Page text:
Ultra-processed foods and drinks (UPFDs) contains a combination of substances not found in the natural environment.1,2 It has been hypothesized that such foods tend to make consumers overeat, which is likely contributing to obesity and metabolic syndrome.2(518)As a means of appreciating UPFDs, hyperpalatability, and overconsumption of food, the following will explore the same in greater detail.
Ifland et al.2(518)hypothesized that processed foods possess an aggregate of substances that may be addictive: refined sugar, sweeteners, other refined carbohydrates (i.e., flours), fat, salt, and caffeine. As mentioned in the introduction, said combinations do not exist in nature and such a submission could provide a reasonable explanation for overeating processed foods. Furthermore, there has been a paralleled increase in refined carbohydrate consumption and metabolic syndrome over the last 40 years suggesting an associative/causal relationship.2(518)
Gibney et al.1(720) indicated that other researchers have proposed that UPFDs promote food addiction, and have a lower capacity to induce satiety. Furthermore, food biotechnology companies have engineered food products to skew mechanisms in the digestive system and brain that usually signal fullness and control appetite.1(720) Food processing entails mixing, heating, and extrusion that can destroy foods’ natural cell wall structures. Such breakdown causes a softening which improves the texture of foods likely contributing to increased rates of consumption and increased energy intake.1(720)Thus, manipulating texture and combining fats, salt, sugars into a single food is likely to amplify a consumer’s incentive to ingest said foods.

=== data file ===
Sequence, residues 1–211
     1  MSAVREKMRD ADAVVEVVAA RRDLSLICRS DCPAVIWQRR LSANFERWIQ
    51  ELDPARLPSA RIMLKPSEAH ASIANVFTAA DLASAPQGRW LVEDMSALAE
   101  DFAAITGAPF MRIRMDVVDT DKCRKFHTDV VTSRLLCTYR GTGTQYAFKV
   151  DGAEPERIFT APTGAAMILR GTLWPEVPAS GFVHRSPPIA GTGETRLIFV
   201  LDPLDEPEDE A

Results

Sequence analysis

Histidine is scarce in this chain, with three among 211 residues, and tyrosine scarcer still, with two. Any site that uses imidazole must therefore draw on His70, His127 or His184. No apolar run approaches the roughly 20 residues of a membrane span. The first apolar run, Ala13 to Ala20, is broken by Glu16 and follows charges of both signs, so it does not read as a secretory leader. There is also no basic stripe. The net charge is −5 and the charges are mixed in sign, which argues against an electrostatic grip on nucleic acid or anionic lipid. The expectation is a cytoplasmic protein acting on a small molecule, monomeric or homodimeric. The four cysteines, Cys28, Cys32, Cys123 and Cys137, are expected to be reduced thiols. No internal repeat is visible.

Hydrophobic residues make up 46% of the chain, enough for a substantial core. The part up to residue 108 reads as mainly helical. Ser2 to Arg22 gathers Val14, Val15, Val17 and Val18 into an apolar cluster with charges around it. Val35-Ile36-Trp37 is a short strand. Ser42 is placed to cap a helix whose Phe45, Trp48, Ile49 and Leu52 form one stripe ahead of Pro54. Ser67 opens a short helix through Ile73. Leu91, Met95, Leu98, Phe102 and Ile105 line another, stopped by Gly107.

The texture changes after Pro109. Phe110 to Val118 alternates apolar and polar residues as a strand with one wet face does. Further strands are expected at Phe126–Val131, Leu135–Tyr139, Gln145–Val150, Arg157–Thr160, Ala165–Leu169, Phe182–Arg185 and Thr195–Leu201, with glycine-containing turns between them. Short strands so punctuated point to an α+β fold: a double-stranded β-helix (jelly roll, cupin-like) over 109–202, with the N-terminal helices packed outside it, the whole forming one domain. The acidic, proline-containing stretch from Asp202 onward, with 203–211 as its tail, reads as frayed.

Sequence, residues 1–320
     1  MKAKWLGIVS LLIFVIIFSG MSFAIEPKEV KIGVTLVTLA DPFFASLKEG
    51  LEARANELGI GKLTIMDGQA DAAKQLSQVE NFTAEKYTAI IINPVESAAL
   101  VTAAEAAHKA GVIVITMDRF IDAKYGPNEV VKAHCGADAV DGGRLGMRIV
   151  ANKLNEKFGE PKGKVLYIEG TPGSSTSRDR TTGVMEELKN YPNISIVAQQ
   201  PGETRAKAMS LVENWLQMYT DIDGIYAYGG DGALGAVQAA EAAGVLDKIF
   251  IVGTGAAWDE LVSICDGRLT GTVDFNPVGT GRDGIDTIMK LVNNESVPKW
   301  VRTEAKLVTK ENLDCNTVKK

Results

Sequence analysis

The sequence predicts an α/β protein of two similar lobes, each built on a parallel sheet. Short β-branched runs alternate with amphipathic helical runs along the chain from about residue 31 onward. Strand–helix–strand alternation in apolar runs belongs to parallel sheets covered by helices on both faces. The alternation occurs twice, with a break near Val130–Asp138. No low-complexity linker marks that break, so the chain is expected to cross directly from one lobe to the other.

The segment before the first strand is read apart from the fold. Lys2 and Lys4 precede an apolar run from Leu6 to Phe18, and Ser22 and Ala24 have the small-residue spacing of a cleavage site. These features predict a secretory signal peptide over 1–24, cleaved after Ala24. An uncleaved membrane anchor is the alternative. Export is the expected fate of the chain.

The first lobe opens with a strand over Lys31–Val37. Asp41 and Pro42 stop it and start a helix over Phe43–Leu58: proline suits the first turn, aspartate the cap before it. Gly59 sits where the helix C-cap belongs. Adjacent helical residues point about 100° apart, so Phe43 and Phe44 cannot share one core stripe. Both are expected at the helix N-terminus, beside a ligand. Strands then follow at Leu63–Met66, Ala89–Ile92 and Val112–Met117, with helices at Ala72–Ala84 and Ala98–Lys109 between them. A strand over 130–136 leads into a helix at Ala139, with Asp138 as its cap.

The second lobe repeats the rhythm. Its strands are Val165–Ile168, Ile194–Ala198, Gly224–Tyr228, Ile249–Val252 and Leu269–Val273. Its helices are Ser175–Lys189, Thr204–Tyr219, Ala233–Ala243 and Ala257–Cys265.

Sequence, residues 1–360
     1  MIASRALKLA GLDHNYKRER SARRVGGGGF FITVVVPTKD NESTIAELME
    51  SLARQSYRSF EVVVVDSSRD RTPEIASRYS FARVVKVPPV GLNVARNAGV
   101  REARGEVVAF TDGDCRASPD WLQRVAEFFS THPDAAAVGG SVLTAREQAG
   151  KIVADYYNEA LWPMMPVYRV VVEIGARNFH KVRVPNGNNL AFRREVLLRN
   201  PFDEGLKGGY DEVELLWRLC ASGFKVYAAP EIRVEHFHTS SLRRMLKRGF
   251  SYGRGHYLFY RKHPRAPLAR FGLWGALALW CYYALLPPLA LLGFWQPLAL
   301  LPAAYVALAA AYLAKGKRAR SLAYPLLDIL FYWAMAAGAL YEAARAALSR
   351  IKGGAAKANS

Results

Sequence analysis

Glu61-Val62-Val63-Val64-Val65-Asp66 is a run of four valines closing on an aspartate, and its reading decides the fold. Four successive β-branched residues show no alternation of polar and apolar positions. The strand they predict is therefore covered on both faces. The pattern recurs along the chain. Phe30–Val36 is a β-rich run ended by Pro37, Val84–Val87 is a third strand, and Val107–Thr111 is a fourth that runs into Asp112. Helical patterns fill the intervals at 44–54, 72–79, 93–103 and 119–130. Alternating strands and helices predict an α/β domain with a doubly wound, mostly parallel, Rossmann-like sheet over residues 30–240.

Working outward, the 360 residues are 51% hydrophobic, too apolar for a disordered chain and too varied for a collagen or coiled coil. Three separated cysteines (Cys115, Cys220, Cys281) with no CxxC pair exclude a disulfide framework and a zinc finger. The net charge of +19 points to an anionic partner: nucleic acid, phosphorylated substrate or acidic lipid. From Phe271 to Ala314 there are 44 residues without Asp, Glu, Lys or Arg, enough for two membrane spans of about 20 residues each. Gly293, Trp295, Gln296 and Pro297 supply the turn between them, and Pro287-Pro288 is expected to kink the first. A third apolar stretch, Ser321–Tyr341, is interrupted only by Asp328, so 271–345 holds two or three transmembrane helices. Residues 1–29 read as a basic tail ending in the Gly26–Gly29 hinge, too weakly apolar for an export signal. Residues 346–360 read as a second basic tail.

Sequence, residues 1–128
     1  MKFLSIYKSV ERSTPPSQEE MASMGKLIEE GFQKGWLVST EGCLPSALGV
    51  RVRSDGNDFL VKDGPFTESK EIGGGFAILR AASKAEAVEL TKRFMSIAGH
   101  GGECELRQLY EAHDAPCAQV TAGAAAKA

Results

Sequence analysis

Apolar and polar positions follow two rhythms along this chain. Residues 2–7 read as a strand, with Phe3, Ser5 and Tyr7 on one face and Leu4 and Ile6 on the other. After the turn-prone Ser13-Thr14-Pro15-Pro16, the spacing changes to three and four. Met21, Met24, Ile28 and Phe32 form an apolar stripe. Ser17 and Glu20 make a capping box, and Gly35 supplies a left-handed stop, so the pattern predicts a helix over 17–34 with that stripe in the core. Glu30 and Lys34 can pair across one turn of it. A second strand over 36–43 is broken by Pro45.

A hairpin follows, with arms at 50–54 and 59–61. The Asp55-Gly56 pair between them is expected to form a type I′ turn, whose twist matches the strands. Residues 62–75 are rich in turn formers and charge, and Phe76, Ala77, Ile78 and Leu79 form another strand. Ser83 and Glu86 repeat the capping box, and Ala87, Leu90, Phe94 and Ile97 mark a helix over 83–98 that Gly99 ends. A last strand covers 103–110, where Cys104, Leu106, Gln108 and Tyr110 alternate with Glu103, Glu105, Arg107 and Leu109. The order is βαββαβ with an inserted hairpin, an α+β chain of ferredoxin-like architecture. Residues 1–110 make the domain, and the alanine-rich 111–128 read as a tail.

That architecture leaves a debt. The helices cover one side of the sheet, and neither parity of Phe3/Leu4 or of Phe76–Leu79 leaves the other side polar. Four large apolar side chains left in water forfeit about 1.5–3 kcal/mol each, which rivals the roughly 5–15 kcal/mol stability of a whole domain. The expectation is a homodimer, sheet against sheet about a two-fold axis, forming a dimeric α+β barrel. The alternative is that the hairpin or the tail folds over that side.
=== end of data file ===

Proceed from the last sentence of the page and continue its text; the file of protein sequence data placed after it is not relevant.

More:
Overeating of hyperpalatable foods is less likely a derivation of addiction than it is a natural response to adaptive food preferences required for survival.1(720) Gibney et al.1(720) made a compelling case that searching out nutrient-dense foods is a natural evolutionary phenomenon to ensure a ready supply of electrolytes, protein, and overall energy. Seen from such a vantage point, it would be a reasonable outcome to eat UPFDs in the short-term. However, Westernized civilizations have an overabundance of such foods coupled with easy access. Such a combination sets a fertile ground for consistent overeating of such foods.
In conclusion, UPFDs are a staple food source of North America, with over 70% of daily calories deriving from the same.3Such overconsumption is likely contributing to obesity and conditions such as metabolic syndrome. Thus, understanding the natural proclivity to consume nutrient-dense foods can help provide context as to why and how UPFDs are fueling the severity and reach of diseases of modern civilization.
1. Gibney MJ, Forde CG, Mullally D, Gibney ER. Ultra-processed foods in human health: A critical appraisal. Am J Clin Nutr. 2017;106(3);717-724. doi:https://doi-org.libproxy.bridgeport.edu/10.3945/ajcn.117.160440.
2. Ifland JR, Preuss HG, Marcus MT, et al. Refined food addiction: A classic substance use disorder. Med Hypotheses: 2009;72:518-526. doi:10.1016/j.mehy.2008.11.035.
3. Sweazea KL. Compounding evidence implicating Western diets in the development of metabolic syndrome. Acta Physiol. 2014;211(3); 471-473. doi:10.1111/apha.12303.